My son turns 4 tomorrow. I have mixed feelings this time of year-feelings you may be surprised to read. But I have now given myself permission to admit this to myself and others.
On my son’s first birthday, I got many texts, calls, Facebook messages all saying happy birthday to my little buddy. I was grateful that so many people remembered him. One of the text messages was from a friend saying “Happy Birthing Day”. That was the first moment I allowed myself to feel all the feelings I had about my son turning one. Someone had validated that I gave birth a year ago and that is actually a big deal. See the thing about your child’s birthday is we are told it is a time to celebrate and remember all the positive things that have happened over the year. It is a time to be grateful and be blessed.
However, I get flooded with emotions this time of year. My son will be 4 tomorrow and I think about how amazing he is but I also can’t help reflect about my own birthing experience. Prior to actually giving birth, I had a lot of expectations for what my experience would be like; for one I wanted a natural birth. During my pregnancy I had high blood pressure and it eventually became evident that my natural birth would not happen. I would need to be induced. I was induced at 39 weeks. On a Monday evening I went to the hospital to begin the induction, only to be sent home when to many other woman came in that night that were in labor. I went again on Tuesday morning. It was not until Wednesday evening that my labor actually began and I had my son mid-morning on Thursday. I will save you from the details, but a lot of this birth is not what I wanted nor expected. That impacted me.
My birthing experience impacted me
Have you ever acknowledge that before or said that out loud? My birthing experience impacted me. It feels good to say it. We seem to live in a society that gets so excited about a new baby that we tend to forget that a woman just went through a huge life event. Maybe someone who comes to visit the baby asks how your labor was and you give a quick answer or share just the facts. But what about your feelings? I know a lot of moms and talked to several about their birthing experiences. Not many share about their feelings about the actual birth. I am not talking about just the pain but the real feelings about their experiences of giving birth and the aftermath. Here are some of the feelings I felt before, during and after giving birth.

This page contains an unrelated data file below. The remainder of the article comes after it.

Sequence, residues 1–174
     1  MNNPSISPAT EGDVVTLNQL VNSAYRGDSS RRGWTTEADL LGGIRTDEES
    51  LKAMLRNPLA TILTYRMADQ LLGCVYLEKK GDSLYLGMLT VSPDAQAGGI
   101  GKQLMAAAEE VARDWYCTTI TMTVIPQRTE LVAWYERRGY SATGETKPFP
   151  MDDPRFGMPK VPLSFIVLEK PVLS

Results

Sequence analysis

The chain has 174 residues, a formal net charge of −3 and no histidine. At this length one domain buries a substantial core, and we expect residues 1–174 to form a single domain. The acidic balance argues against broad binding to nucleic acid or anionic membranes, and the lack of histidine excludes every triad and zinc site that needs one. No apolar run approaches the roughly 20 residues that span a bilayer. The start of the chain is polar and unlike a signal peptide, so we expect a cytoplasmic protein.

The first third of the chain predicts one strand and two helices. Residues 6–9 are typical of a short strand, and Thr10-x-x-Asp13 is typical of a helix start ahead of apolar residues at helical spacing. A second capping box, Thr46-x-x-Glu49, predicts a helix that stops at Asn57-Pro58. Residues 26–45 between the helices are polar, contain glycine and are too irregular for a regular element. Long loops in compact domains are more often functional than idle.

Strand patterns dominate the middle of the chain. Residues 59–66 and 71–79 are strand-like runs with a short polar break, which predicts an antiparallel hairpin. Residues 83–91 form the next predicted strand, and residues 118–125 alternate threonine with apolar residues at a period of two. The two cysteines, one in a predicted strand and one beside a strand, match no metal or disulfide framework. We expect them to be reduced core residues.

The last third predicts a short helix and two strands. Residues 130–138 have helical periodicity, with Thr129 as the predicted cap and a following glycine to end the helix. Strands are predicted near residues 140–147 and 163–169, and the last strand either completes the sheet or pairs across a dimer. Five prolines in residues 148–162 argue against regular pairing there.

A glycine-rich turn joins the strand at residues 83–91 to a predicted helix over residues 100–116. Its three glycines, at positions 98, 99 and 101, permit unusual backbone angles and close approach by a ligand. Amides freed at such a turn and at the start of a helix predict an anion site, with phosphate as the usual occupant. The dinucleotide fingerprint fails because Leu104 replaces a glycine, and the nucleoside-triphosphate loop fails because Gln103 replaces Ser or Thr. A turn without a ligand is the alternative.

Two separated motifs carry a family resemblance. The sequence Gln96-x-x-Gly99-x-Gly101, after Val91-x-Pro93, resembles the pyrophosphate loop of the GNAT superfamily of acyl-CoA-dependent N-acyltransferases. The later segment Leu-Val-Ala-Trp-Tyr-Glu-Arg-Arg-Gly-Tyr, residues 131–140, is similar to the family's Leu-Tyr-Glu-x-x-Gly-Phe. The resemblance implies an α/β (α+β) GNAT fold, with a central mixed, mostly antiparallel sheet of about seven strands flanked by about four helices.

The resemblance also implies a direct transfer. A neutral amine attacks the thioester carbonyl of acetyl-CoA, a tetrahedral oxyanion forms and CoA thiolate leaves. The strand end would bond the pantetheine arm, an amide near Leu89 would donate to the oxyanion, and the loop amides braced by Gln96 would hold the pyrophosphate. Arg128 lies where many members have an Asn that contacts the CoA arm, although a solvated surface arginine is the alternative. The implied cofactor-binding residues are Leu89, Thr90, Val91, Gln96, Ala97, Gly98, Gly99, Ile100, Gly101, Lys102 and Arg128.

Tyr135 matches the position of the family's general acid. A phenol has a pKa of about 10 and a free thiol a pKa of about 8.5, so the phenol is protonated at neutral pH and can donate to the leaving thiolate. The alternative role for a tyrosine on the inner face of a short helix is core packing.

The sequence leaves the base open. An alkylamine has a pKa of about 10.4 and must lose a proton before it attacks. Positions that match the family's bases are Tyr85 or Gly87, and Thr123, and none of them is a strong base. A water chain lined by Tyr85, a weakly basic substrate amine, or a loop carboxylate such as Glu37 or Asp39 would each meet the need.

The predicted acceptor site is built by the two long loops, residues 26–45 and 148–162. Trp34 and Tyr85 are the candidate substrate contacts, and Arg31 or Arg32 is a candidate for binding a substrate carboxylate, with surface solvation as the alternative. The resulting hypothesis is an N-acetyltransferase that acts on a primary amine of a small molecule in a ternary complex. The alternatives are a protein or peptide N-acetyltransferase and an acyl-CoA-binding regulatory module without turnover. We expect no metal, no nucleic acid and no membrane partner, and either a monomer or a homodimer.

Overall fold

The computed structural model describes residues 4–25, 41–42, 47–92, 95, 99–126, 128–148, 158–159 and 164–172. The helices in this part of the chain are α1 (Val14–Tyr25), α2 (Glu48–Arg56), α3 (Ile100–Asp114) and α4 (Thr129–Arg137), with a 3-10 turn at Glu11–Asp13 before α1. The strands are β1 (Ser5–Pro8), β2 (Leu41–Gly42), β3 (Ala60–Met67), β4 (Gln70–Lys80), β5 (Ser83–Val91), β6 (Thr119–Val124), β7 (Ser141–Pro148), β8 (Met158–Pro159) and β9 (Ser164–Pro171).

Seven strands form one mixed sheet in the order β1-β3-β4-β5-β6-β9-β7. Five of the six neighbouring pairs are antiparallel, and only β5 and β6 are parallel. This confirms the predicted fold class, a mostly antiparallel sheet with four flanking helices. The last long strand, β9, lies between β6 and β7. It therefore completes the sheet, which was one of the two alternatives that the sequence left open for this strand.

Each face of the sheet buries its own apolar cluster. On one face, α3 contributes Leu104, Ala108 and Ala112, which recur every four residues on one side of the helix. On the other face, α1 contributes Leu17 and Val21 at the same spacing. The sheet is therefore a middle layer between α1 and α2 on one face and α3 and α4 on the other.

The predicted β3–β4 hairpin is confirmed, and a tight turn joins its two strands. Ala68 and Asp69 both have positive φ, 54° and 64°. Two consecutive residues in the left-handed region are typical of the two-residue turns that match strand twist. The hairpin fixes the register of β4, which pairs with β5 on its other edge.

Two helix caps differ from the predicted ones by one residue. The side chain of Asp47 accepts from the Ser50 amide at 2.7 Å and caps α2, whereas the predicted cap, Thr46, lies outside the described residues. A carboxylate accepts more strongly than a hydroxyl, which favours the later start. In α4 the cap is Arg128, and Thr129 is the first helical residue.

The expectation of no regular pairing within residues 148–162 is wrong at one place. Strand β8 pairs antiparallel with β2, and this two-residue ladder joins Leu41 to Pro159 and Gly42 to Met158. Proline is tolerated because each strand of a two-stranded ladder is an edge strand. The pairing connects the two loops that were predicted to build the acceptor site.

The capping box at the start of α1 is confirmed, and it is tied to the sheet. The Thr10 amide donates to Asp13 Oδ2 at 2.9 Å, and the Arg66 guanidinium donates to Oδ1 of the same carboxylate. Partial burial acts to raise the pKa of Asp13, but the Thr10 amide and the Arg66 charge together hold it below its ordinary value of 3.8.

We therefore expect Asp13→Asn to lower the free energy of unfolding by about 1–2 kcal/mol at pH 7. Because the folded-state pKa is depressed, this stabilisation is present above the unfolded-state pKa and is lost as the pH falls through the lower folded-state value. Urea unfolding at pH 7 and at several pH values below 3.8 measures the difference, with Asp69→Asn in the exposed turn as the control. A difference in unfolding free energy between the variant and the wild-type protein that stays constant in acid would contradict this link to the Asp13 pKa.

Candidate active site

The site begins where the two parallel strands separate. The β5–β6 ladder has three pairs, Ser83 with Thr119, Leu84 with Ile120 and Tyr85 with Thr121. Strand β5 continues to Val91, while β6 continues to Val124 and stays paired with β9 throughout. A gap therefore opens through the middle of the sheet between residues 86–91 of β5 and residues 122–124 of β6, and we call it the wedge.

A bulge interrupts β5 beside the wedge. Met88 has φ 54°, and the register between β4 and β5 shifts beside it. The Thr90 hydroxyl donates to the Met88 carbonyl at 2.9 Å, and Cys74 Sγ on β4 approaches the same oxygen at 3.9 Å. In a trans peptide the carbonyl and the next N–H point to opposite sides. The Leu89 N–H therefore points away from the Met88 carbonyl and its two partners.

Alone- I have a pretty amazing husband who was supportive throughout, but there is something about not fully understanding what is happening that can be isolating.
Scared-Not knowing what is happening to my body.
Embarrassed-lets face it-birthing a child is not pretty!
I remember feeling confused because even though I had those feelings, I still had feelings of pure joy but just having no idea what to do. I could not just get over those feelings. I remember people coming to visit being so excited about meeting my new baby and me feeling like I just want to be with my husband and baby but not understanding why I was feeling that way. Then and now, I am grateful that I did have some people in my life that I could open up to and be honest. I will never forget my sister’s wise words.
Giving birth: “There is no other medical procedure that you are expected to have an audience”
My sister is right. I can’t think of another medical procedure where people ask to watch, hang out for hours, or visit people that actually need recovery time. Looking back, I think I needed to process this whole experience. I needed time for myself and family.
Why am I sharing all this with you? I share this because between 25-34 percent of women report that their births were traumatic. The American Psychological Associate reports that 9-16 percent of women will develop postpartum depression. These are women you encounter everyday. You can reach out to them. Sometimes women just need to talk, have their feeling validated, or just be told that they are not alone. Their child’s birthday may actually be a reminder of a difficult time.
This is just something we don’t talk about. So maybe we could change that? Maybe the next time you wish a child a happy birthday, you could acknowledge that mom about her birthing day. It may not be something she wants to talk about or maybe it is something she is thrilled to talk about, but just remember that that day has a lot more feelings associated with it then just celebrating a birth.
If you are still struggling with some of these feelings, please seek out professional help.
Happy early birthday to my amazing little guy! It is hard to believe it has been 4 years. I am blessed to be this guys mama!
My second birthing experience was so interesting in that family and friends were so much more excited about the sex of the baby(we held out during pregnancy)… Many forgot to even ask how I was!!!
“What is it?” “OMG! It’s a girl!” “I knew it”
Not many.. “How did it go? How are you?”
Thanks for reading Andrea! I can see how that can happen. That is why I think we need a little more education about this topic.